How Hitler Analogies Obscure Understanding of Mideast Power Struggle
While growing up in America during the 1950’s, one would sometimes encounter supermarket tabloid headlines asserting that Adolph Hitler had not died in May 1945 in the ruins of the Reich’s Chancellery. It was claimed that he had somehow escaped and was living under a false identity somewhere in South America, most probably in Argentina. Eventually, as the Fuhrer’s hundredth birthday came and went in 1989, the stories pretty much vanished from sight though the fascination with Hitler as the ultimate manifestation of pure evil persisted.
The transformation of Hitler into something like a historical metaphor means that his name has been evoked a number of times in the past twenty years, attached to Saddam Hussein, Moammar Gaddafi, Vladimir Putin and, most recently, to Ayatollah Ali Khamenei, the Supreme Leader of Iran. The attribution in the cases of Hussein and Gaddafi was essentially to create popular support for otherwise unjustifiable wars initiated by the United States and its European and Middle Eastern allies. Putin, meanwhile, received the sobriquet from an angry Hillary Clinton, who certainly knows a thing or two about both personalizing and overstating a case.
The Hitler designation of the Iranian spiritual leader, which appeared one week ago in a featured profile produced by Tom Friedman of The New York Times, is particularly ironic as it came from the de facto head of state of Saudi Arabia Crown Prince Mohammad bin Salman, whose country has long been regarded as cruel and despotic while also being condemned for its sponsorship of a particularly reactionary form of Islam called wahhabism. Bin Salman described the Iranian leader as “the new Hitler of the Middle East.”
Both Khamenei and bin Salman exercise power without a popular mandate. Khamenei was named to his position in 1989 by a so-called Assembly of Experts, which is a quasi-religious body, and bin Salman was appointed Crown Prince by his father King Salman in June. Both have considerable power over other organs of state, but the comparison largely ends there as Iran does have real elections for an actual parliament with enumerated powers and a president who is also serves as head of government.
Iran is also tolerant of long established religious minorities whereas Saudi Arabia, which is seen by most observers as a theocratic based autocracy that is a personal possession of the House of Saud, is hostile to them. In particular, Riyadh has been actively promoting hatred for Islam’s second largest sect, Shi’ism. The Saudis have also been assisting al-Qaeda, al-Nusra Front and ISIS, though denying the considerable evidence demonstrating those links, while Iran and its allies have been destroying those terrorists on the battlefield.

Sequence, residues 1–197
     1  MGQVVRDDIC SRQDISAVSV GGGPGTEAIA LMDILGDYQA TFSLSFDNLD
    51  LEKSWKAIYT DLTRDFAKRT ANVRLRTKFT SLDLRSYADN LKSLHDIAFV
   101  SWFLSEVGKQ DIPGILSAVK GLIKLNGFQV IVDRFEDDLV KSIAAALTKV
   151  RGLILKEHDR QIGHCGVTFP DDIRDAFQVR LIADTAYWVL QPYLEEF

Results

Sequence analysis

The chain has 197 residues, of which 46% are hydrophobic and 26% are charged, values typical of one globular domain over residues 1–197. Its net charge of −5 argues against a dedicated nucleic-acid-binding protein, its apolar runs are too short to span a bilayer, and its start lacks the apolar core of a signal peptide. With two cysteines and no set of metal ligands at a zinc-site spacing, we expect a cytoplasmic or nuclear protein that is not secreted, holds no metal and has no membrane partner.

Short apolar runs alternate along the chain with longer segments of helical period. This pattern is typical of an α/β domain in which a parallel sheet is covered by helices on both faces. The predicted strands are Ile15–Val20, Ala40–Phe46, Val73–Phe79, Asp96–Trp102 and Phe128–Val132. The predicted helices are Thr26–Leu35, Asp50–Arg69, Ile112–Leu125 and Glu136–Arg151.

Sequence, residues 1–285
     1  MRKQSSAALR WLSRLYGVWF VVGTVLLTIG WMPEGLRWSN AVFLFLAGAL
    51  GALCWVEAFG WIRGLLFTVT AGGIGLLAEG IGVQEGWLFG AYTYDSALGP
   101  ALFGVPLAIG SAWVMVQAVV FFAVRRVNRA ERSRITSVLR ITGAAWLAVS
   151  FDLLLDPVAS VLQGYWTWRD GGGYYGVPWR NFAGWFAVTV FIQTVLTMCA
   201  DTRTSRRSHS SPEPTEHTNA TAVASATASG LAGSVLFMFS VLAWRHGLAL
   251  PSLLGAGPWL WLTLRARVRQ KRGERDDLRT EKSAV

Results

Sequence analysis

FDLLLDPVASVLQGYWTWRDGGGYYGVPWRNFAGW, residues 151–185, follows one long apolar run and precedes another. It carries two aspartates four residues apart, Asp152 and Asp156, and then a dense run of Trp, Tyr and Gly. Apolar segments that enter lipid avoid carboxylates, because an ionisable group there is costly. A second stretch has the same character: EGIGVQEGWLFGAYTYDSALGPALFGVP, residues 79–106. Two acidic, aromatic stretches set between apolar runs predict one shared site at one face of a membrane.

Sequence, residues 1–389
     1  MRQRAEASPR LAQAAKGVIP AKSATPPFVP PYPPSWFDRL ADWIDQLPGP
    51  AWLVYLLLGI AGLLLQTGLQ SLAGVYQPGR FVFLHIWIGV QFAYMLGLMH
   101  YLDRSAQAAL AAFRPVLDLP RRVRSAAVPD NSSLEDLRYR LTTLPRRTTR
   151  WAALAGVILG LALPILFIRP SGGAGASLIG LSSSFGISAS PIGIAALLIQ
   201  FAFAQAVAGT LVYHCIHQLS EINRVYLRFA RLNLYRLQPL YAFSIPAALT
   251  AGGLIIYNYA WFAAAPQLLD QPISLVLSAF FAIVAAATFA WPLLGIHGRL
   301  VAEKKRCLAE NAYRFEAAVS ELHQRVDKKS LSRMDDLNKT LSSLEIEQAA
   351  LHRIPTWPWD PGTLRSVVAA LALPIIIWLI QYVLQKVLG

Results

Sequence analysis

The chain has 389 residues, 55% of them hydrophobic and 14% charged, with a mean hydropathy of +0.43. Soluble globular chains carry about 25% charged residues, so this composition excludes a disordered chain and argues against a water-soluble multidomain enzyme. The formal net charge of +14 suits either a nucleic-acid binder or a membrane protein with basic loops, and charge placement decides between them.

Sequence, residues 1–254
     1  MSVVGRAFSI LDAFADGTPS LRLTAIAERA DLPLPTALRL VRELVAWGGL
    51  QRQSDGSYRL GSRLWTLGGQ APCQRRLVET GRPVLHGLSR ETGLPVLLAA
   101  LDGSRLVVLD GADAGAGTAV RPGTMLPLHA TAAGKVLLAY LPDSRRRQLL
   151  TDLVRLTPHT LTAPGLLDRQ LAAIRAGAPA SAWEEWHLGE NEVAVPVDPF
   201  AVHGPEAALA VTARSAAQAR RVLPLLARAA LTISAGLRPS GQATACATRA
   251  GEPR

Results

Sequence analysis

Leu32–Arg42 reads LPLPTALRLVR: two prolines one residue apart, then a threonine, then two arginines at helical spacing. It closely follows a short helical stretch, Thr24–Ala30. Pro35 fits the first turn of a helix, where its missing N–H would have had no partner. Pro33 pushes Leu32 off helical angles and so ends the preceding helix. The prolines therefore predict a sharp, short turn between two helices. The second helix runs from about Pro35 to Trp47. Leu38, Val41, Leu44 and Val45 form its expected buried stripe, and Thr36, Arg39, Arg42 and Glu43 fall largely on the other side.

Crown Prince bin Salman has been preaching an anti-corruption drive of late, which includes torture of those arrested. Many observers believe it is actually a bid to shake down some billionaires while also diminishing the power exercised by some members of the extended Royal Family. The Prince has also suggested that he will be promoting a “more open and modern” form of Islam, which might reduce some beheadings and amputations as punishment. But the death penalty will still apply for heresy, which includes the Shi’ism practiced by Iran, Iraq, some Syrians and Hezbollah. Nor will it put an end to the current horrific slaughter by disease and starvation of Yemenis being implemented by Riyadh with some help from its friends in Tel Aviv and Washington.
Liberal journalists like Tom Friedman, who have editorially sided with the Saudis and Israelis against Iran, have largely bought into the anticorruption theme. The Times profile accepts at face value bin Salam’s claims to be a reformer who will somehow reshape both Saudi Arabia and Islam. Friedman, a passionate globalist, largely goes along for the ride because it is the kind of language a poorly-informed progressive hopes to hear from someone who walks around wearing a keffiyeh and sandals. It also serves Friedman’s other regular agenda justifying Israeli threats to go to war against its neighbors, starting with Lebanon. Make no mistake, the offerings of war abroad and repression at home being served up by Riyadh and Tel Aviv are not the birth pangs of a New Middle East. That died a long time ago. It is instead a fight over who will dominate the region, the same as it always is.
By Philip M. Giraldi Ph.D.
Source: Strategic Culture